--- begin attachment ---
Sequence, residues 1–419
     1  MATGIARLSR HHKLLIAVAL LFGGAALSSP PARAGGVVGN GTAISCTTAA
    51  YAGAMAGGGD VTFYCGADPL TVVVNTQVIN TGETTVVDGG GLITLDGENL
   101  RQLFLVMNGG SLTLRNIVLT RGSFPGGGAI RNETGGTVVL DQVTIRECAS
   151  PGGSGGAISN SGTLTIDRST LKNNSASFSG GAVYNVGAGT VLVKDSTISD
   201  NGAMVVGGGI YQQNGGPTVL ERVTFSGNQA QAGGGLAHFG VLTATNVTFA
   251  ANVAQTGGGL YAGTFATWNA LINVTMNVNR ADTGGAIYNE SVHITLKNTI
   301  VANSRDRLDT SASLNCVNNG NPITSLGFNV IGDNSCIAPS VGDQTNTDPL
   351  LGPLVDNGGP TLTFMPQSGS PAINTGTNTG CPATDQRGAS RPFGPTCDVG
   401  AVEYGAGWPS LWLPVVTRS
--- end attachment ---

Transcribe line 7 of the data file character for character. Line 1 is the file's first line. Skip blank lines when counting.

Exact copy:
   251  ANVAQTGGGL YAGTFATWNA LINVTMNVNR ADTGGAIYNE SVHITLKNTI